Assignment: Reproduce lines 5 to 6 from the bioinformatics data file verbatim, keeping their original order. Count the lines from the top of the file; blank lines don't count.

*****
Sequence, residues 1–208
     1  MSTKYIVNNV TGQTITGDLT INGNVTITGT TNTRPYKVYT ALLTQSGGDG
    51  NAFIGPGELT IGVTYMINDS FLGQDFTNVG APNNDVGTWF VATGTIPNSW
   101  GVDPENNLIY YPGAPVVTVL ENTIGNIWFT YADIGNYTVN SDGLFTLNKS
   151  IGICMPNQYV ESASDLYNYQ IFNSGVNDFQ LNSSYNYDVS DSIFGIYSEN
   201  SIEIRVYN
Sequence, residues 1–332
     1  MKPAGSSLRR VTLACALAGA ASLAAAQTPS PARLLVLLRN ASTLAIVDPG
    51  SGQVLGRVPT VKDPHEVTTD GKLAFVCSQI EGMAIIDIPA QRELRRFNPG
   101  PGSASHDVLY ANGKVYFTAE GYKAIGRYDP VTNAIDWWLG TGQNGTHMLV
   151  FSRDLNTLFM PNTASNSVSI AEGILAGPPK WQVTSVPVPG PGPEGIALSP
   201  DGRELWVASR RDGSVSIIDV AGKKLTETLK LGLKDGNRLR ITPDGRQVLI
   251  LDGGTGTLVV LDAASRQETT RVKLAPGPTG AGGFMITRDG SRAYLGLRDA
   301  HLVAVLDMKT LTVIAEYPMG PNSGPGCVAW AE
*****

   151  IGICMPNQYV ESASDLYNYQ IFNSGVNDFQ LNSSYNYDVS DSIFGIYSEN
   201  SIEIRVYN